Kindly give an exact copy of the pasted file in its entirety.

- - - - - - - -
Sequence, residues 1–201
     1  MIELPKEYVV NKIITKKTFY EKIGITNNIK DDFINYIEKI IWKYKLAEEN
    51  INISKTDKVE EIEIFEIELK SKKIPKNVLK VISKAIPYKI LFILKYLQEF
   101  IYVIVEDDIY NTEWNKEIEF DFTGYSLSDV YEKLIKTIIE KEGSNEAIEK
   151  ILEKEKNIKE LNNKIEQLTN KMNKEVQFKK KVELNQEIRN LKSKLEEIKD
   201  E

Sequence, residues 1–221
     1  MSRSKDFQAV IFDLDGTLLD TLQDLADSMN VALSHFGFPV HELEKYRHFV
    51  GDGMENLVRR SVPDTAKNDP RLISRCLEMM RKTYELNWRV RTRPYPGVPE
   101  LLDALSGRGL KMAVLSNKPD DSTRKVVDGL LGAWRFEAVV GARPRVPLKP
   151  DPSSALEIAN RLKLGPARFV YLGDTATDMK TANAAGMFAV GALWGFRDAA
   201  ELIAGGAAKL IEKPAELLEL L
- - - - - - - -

Sequence, residues 1–201
     1  MIELPKEYVV NKIITKKTFY EKIGITNNIK DDFINYIEKI IWKYKLAEEN
    51  INISKTDKVE EIEIFEIELK SKKIPKNVLK VISKAIPYKI LFILKYLQEF
   101  IYVIVEDDIY NTEWNKEIEF DFTGYSLSDV YEKLIKTIIE KEGSNEAIEK
   151  ILEKEKNIKE LNNKIEQLTN KMNKEVQFKK KVELNQEIRN LKSKLEEIKD
   201  E

Sequence, residues 1–221
     1  MSRSKDFQAV IFDLDGTLLD TLQDLADSMN VALSHFGFPV HELEKYRHFV
    51  GDGMENLVRR SVPDTAKNDP RLISRCLEMM RKTYELNWRV RTRPYPGVPE
   101  LLDALSGRGL KMAVLSNKPD DSTRKVVDGL LGAWRFEAVV GARPRVPLKP
   151  DPSSALEIAN RLKLGPARFV YLGDTATDMK TANAAGMFAV GALWGFRDAA
   201  ELIAGGAAKL IEKPAELLEL L